A wholesome co-op adventure, bogged down by repetitive puzzles
Blanc is a co-op puzzler about a small fawn and a slightly smaller wolf cub, both of whom are separated from their families amid an aggressive snowstorm. What follows is a heartfelt journey about two animals that learn to trust each other, but it's bogged down by some frustrating puzzles and unexciting minute-to-minute action. It's still an aesthetically pleasing, worthwhile journey to share with a friend or a loved one, but it's not a co-op title I'd recommend over It Takes Two, Untitled Goose Game, or Portal 2, among others.
One player controls the fawn and the other controls the cub as they unexpectedly run into each other, and at first, they have a reluctant, untrusting relationship. But, after the pair help each other through puzzles they begin an unlikely friendship. One of my favourite aspects of Blanc is how it marries these puzzles to the pair's emotional journeys.
For example, the beginning of the game has the pair separated by a rift in the ground, although some fallen trees and debris lay across both paths. Getting through their respective lanes requires them to work as a team, opening up paths for the other by pushing down items of interest or destroying obstacles that are in the way. The fawn is taller and stronger, so it can push objects and create paths for the cub. The cub has sharp claws used for cutting ropes and such things, and its smaller build lets it squeeze into tight spaces.
The pair relies on each other in the puzzling, and this affects how they treat each other throughout the game. They gradually begin to warm up to one another, at first by playing together in the snow, sliding down slopes, and frolicking through the woods. That trust feeds back into gameplay, as the fawn has the ability to kneel and create a bridge for the cub. This progression loop continues for the next 2-3 hours of the game's runtime; the duo connects more and more, and this opens up new interactions they can have in the various puzzles.
Whenever I see cute cartoon animals in a game like this, I'm immediately on guard. Too many Disney films have ended in tears and death, but Blanc avoids tropes like this. The game doesn't include any dialogue, so the entire story is very minimal, simply following the struggles that these animals encounter on their way back to their packs. Along the way, Blanc will tug at your heartstrings with environmental dangers threatening the two animals.
This is where Blanc's presentation shines, depicting the duo and their environments. The cub and fawn's cries of fear and pain are truly affecting, and their animations mostly sell their emotions, whether they're joyfully frolicking through the woods, celebrating a solved puzzle with a joint dance, or shaking at the sight of danger.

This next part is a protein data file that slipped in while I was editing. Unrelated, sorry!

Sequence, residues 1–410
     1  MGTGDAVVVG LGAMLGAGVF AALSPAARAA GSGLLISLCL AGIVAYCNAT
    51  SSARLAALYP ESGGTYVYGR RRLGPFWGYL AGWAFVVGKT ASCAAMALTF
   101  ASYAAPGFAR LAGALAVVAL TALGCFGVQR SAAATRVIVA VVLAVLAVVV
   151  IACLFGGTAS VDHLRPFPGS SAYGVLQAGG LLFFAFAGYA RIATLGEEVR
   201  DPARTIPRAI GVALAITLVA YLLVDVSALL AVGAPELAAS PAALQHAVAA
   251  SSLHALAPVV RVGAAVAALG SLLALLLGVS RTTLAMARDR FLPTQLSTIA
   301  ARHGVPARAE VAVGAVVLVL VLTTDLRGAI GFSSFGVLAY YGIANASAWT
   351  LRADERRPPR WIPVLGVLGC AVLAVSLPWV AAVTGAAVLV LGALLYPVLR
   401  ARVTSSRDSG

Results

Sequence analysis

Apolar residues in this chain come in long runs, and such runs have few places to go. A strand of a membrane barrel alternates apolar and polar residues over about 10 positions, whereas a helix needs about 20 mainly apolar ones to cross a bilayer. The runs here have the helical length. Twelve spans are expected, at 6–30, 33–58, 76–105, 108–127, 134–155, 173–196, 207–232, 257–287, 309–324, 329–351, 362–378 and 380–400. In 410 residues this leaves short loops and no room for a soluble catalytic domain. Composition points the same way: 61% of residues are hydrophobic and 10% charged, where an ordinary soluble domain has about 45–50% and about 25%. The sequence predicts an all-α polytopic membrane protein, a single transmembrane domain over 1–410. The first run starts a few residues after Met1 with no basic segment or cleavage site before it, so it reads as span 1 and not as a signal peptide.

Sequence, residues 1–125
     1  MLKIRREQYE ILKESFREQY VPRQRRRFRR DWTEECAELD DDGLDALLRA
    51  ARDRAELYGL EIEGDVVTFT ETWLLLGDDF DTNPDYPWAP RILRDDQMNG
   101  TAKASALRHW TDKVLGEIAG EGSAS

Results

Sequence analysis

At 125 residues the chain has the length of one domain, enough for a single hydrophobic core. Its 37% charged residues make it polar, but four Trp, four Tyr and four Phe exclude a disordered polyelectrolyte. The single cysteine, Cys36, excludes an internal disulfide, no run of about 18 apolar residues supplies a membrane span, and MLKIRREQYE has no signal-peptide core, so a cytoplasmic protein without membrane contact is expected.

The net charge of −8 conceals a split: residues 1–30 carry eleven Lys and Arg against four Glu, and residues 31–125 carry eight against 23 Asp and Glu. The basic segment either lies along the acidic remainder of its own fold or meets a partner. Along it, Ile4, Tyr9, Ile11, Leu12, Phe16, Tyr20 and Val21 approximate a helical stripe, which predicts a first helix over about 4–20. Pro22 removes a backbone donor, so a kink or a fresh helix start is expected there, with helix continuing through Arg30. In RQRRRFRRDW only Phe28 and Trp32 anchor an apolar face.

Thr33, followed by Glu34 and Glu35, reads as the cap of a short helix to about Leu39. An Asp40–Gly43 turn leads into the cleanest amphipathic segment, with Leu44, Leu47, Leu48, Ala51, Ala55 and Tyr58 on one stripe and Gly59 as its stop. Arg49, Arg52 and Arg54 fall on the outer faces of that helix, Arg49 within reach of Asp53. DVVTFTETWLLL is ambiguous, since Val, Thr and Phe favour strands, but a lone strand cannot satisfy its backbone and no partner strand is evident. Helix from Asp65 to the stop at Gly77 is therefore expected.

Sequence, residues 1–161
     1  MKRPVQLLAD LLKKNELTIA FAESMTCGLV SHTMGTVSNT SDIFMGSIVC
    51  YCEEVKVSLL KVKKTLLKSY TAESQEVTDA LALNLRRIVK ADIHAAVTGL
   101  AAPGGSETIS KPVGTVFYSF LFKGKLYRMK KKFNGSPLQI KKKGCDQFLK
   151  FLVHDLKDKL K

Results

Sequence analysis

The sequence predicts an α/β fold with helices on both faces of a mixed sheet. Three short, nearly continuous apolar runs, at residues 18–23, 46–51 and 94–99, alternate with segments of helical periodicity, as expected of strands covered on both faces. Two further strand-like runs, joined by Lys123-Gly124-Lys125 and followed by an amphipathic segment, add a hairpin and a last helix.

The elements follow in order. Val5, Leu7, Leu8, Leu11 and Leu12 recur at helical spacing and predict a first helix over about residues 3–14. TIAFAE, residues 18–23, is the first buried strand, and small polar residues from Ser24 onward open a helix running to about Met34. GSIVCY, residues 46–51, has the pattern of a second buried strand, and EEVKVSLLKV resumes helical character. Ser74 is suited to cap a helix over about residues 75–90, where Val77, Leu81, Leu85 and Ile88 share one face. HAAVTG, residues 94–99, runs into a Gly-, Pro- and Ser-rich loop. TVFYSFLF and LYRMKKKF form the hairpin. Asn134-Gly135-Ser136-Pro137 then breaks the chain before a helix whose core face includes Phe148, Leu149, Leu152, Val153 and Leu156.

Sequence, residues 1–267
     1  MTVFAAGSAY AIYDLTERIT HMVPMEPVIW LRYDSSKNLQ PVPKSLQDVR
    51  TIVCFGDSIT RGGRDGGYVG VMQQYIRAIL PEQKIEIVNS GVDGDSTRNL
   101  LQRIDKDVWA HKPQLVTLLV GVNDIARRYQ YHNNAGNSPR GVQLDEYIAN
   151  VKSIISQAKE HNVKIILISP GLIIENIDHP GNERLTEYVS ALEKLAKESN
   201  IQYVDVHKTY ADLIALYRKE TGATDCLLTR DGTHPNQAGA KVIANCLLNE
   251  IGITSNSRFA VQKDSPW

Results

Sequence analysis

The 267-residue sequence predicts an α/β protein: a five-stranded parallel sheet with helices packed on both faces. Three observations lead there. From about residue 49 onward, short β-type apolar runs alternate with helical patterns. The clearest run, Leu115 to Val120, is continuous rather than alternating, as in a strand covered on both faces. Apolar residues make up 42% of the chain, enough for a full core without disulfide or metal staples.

The general monochrome art style is a little shaky. On one hand, the minimal colours sell the wintery landscape, and some scenes can look striking when foliage, clouds, and other details are all highlighted with a prominent outline. Even when Blanc pulls back on the detail, the game can still look stunning in a more calm, serene way, like a blanket of snow has covered the screen. The ambient, piano-based soundtrack is equally soothing and appropriate for a small, quaint game like this.
The monochrome, ink-laden art style can have a pretty negative impact on gameplay, though. The camera is fixed in Blanc, meaning that you have no control over it, and it'll only move when your characters do. When characters are stuck behind environmental objects, finding them again can be very cumbersome, due to not being able to see through terrain. The art style makes things worse, as oftentimes it can be a struggle to distinguish environmental details and recognize which parts of the level you can interact with.
Some puzzles struggle with perspective, like one where you need to escort little ducklings through a windy storm. You need to walk at their pace, to cover them from the wind until they reach their destination. At one point, you'll need to walk them halfway with one player, and then let them blow over to the other player's side of the screen. But Blanc's dodgy camera and minimally detailed levels make it cumbersome to judge exactly where the characters should be standing in this exchange.
These perspective issues only pop their head up occasionally. Blanc's bigger problem - in regard to puzzles - is the lack of originality. There are plenty of pushing blocks and pulling levers that can get old fast, and as a result, the co-op experience doesn't stay fresh, since you're collaborating in the same way repeatedly. Thankfully, it's over before it gets too stale.
It should be noted that Blanc is playable alone, with a similar control scheme to Brothers: A Tale Of Two Sons. One side of your controller is devoted to the fawn and vice versa. I only checked this mode out for a little while, but it's definitely not ideal. The repetitive puzzles are emphasized, and you also lose the wholesome joy of running around with a friend.